A part of him grieved for all that Sophie had lost, and it grieved for the promise between them that would now never be realized. He'd seen the way Eliot and Sophie were around each other, and he knew he'd lost his chance. Even if the chance were there, he didn't know if the guilt would have let him love Sophie the way she deserved to be loved.

The tour of the building seemed to be taking a long time, Nate decided, zoning back in on Sophie's conversation with the mark. Maybe that's because he found Johnson boring. He considered getting up to get a drink to pass the time but shrugged it off. The craving wasn't that strong yet, and he liked hearing one of Sophie's characters on the com again. He settled more comfortably in his chair and leaned his head back, listening to her distinctly American fake accent.


Sophie was lying in bed enjoying the fact that she could. She didn't have a date with Matthew that day, and Eliot had left early to cover for his friend, Rick, who was in the hospital with his delivering wife. There was no one to make her breakfast, but there was no reason to get up, either. Her bed was comfortable, and the silence was peaceful...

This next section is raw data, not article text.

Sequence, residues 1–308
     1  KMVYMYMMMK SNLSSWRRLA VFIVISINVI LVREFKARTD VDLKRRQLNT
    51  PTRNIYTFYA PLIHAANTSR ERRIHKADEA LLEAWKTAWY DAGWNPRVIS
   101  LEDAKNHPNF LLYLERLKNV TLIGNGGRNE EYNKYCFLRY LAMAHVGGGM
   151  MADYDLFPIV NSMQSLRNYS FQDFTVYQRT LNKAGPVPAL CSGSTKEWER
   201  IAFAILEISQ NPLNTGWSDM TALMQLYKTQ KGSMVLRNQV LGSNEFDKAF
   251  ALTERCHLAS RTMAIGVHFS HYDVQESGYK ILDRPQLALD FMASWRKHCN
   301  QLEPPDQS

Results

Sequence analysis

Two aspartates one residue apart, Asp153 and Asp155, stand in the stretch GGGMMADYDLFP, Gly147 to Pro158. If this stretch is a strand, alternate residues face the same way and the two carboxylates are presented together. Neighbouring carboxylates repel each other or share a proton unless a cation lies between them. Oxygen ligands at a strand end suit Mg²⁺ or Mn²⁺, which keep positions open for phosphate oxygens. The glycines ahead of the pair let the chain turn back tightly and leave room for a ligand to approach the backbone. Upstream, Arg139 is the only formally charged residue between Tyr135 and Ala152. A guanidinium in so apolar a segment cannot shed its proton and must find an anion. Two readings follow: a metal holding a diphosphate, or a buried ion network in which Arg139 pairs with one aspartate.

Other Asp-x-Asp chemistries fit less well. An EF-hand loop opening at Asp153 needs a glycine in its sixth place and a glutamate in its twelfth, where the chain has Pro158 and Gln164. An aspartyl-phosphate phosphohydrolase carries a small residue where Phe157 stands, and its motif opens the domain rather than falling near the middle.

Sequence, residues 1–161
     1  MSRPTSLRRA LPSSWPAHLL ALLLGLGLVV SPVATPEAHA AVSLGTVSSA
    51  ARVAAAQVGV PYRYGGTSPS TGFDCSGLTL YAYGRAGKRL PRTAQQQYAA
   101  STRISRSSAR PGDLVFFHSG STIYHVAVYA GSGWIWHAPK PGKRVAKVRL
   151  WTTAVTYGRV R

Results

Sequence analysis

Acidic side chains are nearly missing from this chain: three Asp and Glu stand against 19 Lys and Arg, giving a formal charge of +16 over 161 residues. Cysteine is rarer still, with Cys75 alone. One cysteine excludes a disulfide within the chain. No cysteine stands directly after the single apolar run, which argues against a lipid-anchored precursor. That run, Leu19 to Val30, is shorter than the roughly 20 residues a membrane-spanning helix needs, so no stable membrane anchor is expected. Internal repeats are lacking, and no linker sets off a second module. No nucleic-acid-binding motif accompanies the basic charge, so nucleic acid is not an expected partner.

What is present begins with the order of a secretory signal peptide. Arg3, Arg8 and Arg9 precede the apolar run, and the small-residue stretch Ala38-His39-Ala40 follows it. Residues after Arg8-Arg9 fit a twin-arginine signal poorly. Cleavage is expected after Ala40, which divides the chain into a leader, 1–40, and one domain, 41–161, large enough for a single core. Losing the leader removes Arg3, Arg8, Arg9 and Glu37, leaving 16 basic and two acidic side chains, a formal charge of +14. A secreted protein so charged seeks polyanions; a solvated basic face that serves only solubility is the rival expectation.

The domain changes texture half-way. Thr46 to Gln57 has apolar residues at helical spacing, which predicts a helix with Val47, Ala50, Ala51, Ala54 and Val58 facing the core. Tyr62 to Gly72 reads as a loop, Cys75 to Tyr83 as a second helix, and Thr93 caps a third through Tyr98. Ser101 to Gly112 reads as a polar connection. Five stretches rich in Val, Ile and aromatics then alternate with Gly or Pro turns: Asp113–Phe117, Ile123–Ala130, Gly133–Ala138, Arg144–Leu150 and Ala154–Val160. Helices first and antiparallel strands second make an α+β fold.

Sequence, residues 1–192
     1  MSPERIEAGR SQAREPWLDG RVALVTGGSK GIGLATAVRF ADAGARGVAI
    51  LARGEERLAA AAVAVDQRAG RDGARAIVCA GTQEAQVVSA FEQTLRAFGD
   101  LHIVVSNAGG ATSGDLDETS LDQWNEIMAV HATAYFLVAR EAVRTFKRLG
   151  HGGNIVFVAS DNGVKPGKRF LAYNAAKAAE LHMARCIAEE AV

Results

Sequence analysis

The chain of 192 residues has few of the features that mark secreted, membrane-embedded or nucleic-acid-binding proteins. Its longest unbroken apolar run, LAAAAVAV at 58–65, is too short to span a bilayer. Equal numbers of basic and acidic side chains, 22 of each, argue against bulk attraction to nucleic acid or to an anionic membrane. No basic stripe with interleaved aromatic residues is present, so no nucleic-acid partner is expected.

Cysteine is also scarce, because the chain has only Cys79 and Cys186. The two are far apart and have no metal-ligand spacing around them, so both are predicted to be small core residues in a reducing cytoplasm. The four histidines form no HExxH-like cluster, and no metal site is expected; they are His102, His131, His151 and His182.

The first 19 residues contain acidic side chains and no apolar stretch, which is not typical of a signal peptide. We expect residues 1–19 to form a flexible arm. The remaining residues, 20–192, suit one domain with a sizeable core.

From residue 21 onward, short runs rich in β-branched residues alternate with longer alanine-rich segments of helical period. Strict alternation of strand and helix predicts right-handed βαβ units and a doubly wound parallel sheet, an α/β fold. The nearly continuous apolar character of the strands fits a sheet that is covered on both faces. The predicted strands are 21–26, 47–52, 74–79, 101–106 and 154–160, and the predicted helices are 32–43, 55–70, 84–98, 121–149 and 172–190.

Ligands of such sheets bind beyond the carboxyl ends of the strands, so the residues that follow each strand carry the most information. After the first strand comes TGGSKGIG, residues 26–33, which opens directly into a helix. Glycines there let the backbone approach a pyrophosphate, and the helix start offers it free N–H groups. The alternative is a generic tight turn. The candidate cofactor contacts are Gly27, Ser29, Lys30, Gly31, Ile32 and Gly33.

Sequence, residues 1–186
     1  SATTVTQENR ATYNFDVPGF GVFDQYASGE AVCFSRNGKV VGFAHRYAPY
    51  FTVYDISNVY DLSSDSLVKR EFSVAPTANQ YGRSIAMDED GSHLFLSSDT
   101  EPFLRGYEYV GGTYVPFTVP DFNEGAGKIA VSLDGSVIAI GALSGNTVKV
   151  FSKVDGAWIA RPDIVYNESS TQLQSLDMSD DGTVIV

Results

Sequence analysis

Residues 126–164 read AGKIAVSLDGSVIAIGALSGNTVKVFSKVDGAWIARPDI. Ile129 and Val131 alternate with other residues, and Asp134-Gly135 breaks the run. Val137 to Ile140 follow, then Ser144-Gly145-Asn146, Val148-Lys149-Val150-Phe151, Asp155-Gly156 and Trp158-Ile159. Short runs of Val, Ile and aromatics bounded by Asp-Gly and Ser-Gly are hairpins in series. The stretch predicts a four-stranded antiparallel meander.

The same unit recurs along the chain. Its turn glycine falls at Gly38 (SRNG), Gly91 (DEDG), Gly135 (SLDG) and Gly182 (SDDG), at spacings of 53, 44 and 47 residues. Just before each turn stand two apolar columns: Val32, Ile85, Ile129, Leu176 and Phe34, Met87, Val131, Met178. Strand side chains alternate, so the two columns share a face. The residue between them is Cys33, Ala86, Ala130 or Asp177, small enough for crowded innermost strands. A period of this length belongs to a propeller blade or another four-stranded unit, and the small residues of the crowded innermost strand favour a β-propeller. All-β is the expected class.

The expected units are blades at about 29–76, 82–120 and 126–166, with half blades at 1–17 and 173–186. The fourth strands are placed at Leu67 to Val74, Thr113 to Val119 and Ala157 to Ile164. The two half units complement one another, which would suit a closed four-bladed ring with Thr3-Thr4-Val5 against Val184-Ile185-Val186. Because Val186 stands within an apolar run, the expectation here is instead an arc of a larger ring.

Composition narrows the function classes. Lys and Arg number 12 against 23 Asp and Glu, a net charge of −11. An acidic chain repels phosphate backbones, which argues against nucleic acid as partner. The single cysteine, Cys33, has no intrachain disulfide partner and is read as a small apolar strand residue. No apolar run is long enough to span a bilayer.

That thought was cut off by the jarring ring of the doorbell. It rang once and then five times in quick succession. After a pause, it rang again, this time six times. Sophie counted.

With a groan, she struggled out of bed and slapped the top of her alarm clock.


It wasn't even nine o'clock yet!

Sophie stumbled sleepily out into the great room as the doorbell went again. This time, it was a burst of eight followed by a burst of five.

"I'm coming, Parker," Sophie called.

A muffled, "How'd you know it was me?" came through the door.

"Lucky guess."